When Hiring:

Salary History do not ask an applicant for employment their salary history, either on an application form or in an interview or otherwise; upon request you must provide the pay scale to an applicant for the position they are applying for.

When Hiring – Criminal History:
If an employer has five or more employees, it is unlawful to inquire about criminal or conviction history of an applicant until after a conditional offer of employment to the applicant; If you obtain or review information (which can only relate to conviction history, not juvenile criminal history or actions related to marijuana offenses more than two years old) and intend to deny an applicant employment based even in part on such conviction history, you must document that you have made an individual assessment whether the conviction history has a direct and adverse relationship with the specific duties of the job justifying denying the applicant the position. Consideration must include:
  • Nature and gravity of the offense
  • Elapsed time that has passed since occurrence
  • Nature of the job; If you have made a preliminary decision not to employ an applicant based on conviction history, the applicant must be notified of the decision in writing, given a copy of the history report, notice of a right to respond, and have five days to respond. If told by the applicant that he/she disputes the accuracy of the report, the applicant has five additional days to respond to the notice. Any final decision by the employer must be in writing.
Handling of Immigration I-9 Forms:

Do not allow any government entity, and specifically DO NOT ALLOW the Customs & Immigration Service, or U.S. Homeland Security to obtain or review your records UNLESS provided a Notice of Inspection. If you receive a Notice of Inspection for I-9 forms, you must post a notice for employees immediately informing them that the process will occur. If the I-9 review raises questions about any particular employee’s status, that employee must be informed and allowed to participate to clarify their status. Also, employers can only “reauthorize” a I-9 form as required by the process.

Employment Policies:
Reproductive Health Rights: Employees have the right to and freedom to make personal decisions regarding reproductive health including the timing of use of birth control drugs and devices, or medical services. These rights are now protected by the Equal Employment provisions of California law and employers may not discriminate on the basis of employee decisions. Employee handbooks must also contain a notice of employee rights and remedies regarding this matter.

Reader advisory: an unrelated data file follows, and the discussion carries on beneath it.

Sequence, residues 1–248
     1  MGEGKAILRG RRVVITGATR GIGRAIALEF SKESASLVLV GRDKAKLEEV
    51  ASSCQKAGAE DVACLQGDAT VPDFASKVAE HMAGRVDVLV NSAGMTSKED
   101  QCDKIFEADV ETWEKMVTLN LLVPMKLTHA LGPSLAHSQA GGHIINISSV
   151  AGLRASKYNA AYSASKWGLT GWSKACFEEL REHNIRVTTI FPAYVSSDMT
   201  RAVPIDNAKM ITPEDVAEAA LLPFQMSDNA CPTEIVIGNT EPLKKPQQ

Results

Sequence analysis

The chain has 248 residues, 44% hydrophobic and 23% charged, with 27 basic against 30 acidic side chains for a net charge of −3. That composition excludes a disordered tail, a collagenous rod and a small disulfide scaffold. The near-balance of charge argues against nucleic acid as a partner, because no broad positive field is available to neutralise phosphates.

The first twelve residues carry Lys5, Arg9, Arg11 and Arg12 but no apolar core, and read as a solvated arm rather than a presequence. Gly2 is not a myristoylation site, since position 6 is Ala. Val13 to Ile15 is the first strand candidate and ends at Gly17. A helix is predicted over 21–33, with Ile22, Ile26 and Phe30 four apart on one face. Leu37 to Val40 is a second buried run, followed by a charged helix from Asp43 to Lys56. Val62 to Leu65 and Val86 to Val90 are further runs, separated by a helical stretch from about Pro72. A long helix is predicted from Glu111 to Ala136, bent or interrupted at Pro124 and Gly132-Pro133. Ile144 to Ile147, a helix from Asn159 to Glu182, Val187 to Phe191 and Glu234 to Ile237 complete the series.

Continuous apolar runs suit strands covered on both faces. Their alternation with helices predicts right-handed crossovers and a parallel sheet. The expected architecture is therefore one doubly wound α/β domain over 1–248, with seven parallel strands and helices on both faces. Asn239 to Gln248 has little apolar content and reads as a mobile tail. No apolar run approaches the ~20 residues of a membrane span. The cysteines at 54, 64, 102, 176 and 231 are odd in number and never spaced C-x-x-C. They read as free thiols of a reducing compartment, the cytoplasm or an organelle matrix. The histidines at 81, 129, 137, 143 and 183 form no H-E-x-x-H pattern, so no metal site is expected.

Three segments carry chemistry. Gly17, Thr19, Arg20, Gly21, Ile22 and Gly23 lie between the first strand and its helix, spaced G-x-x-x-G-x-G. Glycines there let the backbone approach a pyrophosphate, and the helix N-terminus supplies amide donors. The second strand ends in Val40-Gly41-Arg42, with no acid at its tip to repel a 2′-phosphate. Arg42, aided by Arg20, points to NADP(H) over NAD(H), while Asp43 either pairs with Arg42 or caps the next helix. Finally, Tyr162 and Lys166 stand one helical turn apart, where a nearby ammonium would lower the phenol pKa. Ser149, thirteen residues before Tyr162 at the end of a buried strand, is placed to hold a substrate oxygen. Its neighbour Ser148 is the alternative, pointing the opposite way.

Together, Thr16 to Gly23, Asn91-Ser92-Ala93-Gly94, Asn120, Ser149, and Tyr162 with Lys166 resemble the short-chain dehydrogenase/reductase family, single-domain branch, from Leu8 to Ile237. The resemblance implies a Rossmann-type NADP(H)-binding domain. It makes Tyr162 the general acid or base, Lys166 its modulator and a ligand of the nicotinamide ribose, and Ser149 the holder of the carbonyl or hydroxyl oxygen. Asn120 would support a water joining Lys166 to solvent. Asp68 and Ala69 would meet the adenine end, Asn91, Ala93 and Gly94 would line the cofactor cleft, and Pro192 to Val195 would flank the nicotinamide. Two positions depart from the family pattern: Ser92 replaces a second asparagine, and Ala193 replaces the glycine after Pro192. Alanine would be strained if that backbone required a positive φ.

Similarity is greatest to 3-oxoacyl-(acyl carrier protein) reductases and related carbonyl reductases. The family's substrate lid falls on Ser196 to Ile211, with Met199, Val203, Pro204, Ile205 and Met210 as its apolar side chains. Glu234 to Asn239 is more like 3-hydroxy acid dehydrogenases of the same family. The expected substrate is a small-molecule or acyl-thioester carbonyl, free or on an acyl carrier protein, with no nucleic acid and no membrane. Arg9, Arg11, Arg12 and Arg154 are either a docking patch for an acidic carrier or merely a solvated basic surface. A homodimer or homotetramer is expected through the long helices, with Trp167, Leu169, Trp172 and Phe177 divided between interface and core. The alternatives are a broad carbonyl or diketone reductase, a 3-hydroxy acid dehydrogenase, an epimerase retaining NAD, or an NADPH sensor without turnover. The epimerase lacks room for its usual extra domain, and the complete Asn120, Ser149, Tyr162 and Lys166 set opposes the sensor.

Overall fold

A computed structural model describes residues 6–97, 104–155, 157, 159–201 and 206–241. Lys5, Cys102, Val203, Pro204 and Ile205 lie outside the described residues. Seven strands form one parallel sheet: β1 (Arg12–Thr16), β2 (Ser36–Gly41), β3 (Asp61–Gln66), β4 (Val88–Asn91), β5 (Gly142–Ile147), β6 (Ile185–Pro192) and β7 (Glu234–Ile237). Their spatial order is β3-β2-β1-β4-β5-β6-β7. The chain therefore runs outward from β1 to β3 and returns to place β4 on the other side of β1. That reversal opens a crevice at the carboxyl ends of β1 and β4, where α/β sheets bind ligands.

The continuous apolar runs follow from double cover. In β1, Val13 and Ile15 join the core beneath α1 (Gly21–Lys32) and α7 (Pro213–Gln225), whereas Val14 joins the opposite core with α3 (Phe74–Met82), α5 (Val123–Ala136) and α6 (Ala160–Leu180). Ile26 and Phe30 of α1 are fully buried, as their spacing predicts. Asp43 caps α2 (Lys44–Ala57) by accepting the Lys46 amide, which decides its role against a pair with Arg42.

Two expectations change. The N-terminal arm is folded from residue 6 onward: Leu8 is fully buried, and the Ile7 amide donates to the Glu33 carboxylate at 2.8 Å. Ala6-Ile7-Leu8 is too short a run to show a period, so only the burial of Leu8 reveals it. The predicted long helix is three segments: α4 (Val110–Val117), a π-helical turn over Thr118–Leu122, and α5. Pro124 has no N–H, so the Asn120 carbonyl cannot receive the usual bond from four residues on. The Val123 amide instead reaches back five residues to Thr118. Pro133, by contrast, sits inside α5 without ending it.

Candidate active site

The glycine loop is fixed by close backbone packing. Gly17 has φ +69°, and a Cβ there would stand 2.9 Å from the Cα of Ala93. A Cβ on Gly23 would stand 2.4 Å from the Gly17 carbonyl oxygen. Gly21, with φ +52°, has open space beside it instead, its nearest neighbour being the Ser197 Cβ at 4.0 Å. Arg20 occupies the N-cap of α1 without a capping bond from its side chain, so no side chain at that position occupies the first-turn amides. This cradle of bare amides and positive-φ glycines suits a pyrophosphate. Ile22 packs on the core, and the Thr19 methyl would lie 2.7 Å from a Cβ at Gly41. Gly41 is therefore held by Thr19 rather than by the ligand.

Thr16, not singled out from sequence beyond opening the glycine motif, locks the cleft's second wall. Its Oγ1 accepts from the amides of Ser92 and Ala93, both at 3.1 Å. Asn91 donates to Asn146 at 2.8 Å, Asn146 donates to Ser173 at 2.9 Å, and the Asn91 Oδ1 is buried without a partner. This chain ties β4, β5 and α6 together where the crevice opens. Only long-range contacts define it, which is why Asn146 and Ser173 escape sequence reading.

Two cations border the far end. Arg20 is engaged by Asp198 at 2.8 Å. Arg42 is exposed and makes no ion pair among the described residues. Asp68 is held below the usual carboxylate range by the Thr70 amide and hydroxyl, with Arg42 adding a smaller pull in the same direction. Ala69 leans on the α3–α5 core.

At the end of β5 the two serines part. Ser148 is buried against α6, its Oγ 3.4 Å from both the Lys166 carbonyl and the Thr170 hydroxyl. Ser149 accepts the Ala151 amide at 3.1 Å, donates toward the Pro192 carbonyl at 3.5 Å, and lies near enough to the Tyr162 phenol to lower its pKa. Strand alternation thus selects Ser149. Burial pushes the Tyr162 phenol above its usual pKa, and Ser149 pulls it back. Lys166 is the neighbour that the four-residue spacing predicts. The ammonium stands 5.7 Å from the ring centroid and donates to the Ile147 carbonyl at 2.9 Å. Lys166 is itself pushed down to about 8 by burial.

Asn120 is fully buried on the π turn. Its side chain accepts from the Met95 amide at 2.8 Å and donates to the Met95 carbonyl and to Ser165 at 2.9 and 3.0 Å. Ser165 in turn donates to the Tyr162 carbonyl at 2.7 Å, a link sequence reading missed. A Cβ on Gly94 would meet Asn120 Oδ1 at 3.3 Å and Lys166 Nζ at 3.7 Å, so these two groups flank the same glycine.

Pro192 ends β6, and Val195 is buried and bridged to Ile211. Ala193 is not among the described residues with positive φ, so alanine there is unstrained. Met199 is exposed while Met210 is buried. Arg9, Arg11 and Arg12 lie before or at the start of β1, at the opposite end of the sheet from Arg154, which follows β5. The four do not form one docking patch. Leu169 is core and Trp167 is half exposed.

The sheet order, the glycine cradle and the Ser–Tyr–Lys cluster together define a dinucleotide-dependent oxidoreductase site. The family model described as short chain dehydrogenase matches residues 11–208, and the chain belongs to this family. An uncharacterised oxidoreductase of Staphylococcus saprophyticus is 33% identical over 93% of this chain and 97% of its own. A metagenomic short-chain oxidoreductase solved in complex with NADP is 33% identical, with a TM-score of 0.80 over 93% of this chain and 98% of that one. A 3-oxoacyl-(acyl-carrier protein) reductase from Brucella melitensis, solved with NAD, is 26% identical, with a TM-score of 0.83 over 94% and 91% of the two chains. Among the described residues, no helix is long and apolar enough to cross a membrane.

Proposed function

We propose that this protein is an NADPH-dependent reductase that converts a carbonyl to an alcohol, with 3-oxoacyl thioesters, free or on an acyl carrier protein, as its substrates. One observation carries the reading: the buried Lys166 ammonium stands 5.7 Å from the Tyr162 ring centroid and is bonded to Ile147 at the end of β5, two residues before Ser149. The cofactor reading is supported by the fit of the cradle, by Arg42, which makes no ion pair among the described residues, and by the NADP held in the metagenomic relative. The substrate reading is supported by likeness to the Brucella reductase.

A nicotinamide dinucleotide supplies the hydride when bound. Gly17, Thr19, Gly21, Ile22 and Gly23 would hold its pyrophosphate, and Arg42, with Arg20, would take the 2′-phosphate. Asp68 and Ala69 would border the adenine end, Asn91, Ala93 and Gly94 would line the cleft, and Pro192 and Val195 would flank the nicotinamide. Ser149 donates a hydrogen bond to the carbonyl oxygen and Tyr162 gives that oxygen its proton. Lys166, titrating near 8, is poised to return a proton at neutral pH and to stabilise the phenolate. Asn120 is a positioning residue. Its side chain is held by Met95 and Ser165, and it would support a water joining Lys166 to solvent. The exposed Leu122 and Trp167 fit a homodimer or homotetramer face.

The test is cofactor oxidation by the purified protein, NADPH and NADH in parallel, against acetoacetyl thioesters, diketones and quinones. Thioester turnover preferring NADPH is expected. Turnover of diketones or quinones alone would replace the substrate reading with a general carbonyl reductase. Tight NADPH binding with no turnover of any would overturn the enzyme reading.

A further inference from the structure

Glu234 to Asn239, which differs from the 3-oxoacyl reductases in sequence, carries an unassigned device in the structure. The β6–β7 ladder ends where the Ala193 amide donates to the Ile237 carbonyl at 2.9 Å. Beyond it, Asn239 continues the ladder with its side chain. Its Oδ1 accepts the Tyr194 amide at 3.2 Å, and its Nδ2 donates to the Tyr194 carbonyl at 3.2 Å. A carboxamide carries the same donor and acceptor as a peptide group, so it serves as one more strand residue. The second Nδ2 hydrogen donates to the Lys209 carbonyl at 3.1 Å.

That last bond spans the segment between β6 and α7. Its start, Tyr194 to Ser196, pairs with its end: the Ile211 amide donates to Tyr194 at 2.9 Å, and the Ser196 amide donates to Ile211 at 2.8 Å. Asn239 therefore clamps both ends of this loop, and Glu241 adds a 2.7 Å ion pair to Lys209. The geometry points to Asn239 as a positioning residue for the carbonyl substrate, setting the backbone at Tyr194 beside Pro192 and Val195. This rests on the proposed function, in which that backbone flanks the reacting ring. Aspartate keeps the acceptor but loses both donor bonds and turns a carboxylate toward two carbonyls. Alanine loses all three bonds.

New Parent Leave Act:

Employers who have from 20-49 employees as of January 1, 2018 are required to allow qualified employees to take unpaid leave for up to 12 weeks to bond with a new child within one year of a child’s birth, adoption or placement for foster care. There are qualifications defining that the employee must have completed 1,250 hours of work for the company within the past year, and work at a location where there are at least 20 employees within 75 miles of the worksite. NOTE: This leave is in addition to pregnancy leave, which can be for up to four months, and employees are entitled to continuation of health benefits during this leave.

Harassment Training Re: Gender Identity, Expression & Sexual Orientation:  Training which is required regarding prevention of sexual harassment and bullying behavior now must include training inclusive of harassment based on gender identity, gender expression and sexual orientation, in the training all employers with 50 or more employees must provide supervisors and managers for two hours every two years.

For a more detailed review – Click Here.

What are the chances you are in compliance with California employment and safety law?

7 Sep

There are over 44 Federal and California laws which apply to employers in our state. What are the chances you are in violation of one or more of these laws? What are the potential costs of such exposure?
We have some idea from the recent report of the Labor Enforcement Task Force, under the direction of the Department of Industrial Relations, which is a coalition of California State government enforcement agencies that work together and in partnership with local agencies to combat the underground economy. In this joint effort, information and resources are shared to ensure employees are paid properly and have safe work conditions and honest, law-abiding businesses have the opportunity for healthy competition.